The parliament

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The N League wears the opposition hat a little uneasily. This is not to imply that a sitting government at a particular tier cannot rally against another. It is just that the League, which obviously has a stake in the current dispensation, perceives itself to be upstaged by parties like the PTI because of it. Nothing peeves off the League more than the tag of friendly opposition. Its attempts to overcompensate for this are often klutzy, resulting in, for instance, a sitting chief minister talking of lynchings and senior party members – like Khwajas Asif and Saad Rafiq – speaking of mass resignation.
The threat to resign en masse from the assemblies was in response (it, as discussed above, always is) to the speech made by former foreign minister Shah Mehmood Qureshi, who said the legislature should resign because it has lost its mandate. The travails of the realpolitik aside, a theoretical scrutiny of statements as harsh as these is always in order.
The statement is incorrect, of course. Our republic might be modeled on Westminster but the UK we are not. The mandate of our government is clearly stipulated. The decision to change the government isn’t a judgment call but a mechanical process. Five years and you’re up. At least, that is how it is supposed to be. The candidates know this and, more importantly, the voters know this.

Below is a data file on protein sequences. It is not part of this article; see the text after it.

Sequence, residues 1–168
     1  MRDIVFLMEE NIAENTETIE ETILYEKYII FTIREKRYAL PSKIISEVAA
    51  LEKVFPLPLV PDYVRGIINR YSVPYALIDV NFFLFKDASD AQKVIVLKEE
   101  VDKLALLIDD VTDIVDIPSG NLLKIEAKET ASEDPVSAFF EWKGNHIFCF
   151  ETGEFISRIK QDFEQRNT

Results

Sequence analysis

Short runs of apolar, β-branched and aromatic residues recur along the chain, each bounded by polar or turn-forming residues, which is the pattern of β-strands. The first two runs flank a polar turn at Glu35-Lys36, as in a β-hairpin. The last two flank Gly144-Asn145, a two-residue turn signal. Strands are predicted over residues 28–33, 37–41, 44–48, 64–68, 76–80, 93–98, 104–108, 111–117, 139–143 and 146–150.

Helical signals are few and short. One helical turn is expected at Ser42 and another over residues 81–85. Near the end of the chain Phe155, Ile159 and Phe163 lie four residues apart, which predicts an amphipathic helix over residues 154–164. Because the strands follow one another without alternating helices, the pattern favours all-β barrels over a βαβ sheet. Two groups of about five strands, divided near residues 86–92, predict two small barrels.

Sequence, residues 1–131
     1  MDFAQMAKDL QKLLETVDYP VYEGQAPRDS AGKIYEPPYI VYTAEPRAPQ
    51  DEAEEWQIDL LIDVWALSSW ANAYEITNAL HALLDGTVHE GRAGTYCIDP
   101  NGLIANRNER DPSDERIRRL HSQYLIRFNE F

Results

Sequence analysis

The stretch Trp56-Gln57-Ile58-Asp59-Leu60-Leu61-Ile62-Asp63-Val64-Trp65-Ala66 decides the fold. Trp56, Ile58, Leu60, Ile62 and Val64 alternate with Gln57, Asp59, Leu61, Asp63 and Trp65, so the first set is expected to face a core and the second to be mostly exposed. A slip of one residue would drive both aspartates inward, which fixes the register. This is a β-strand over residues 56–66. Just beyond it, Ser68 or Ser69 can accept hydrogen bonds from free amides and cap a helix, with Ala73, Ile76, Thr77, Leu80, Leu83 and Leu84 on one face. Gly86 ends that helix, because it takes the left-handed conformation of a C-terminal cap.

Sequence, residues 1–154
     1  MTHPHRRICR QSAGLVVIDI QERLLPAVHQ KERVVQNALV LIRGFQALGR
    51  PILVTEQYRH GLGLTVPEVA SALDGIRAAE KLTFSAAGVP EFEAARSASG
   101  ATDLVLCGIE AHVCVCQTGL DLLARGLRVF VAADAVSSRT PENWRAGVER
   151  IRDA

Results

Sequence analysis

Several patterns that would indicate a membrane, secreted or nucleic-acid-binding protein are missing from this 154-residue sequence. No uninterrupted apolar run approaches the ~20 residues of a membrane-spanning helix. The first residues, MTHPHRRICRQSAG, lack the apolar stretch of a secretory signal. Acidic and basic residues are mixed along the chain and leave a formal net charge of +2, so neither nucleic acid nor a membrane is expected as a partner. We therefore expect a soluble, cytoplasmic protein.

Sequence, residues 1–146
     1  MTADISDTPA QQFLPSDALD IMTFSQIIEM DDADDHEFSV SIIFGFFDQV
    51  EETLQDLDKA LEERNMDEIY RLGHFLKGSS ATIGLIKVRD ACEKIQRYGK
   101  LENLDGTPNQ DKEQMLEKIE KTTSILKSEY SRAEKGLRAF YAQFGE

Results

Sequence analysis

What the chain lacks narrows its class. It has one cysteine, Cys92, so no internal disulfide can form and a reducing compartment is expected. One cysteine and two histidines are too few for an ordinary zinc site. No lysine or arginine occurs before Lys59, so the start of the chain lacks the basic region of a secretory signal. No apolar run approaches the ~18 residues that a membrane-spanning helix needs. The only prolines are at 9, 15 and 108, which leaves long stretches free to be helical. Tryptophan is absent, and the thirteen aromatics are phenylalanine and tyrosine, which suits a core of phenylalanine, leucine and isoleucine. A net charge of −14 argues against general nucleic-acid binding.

The sitting federal parliament might not be a dream but it is not as bad as is imagined by the commentariat or the opposition. To its credit are the 18th and 19th amendments. No minor feats, these. For they have facilitated a process of devolution that a federal government should have. And the PML(N) should be proud of being an instrumental part of the process. The follow-up to a consensus NFC award is also something to be appreciated. The attendance record of the prime minister in parliament is particularly stellar when compared specifically to the time when the N League held the office.
The parliament had shortcomings and the government should have to account for that in the next elections but the inability to reform the tax code, for instance, resulted not because of treasury benches soft-pedaling but stark objection by the opposition. Early polls are in no one’s interest. Not the government’s, not new out-of-parliament parties like the PTI and certainly not, if one looks at its troublesome current status, the PML-N. No one is really serious about demands like these. The problem, however, is the propagation in public discourse of ideas that make light of the legislative endeavour. The political class should show some institutional activism and preserve the sanctity of parliament.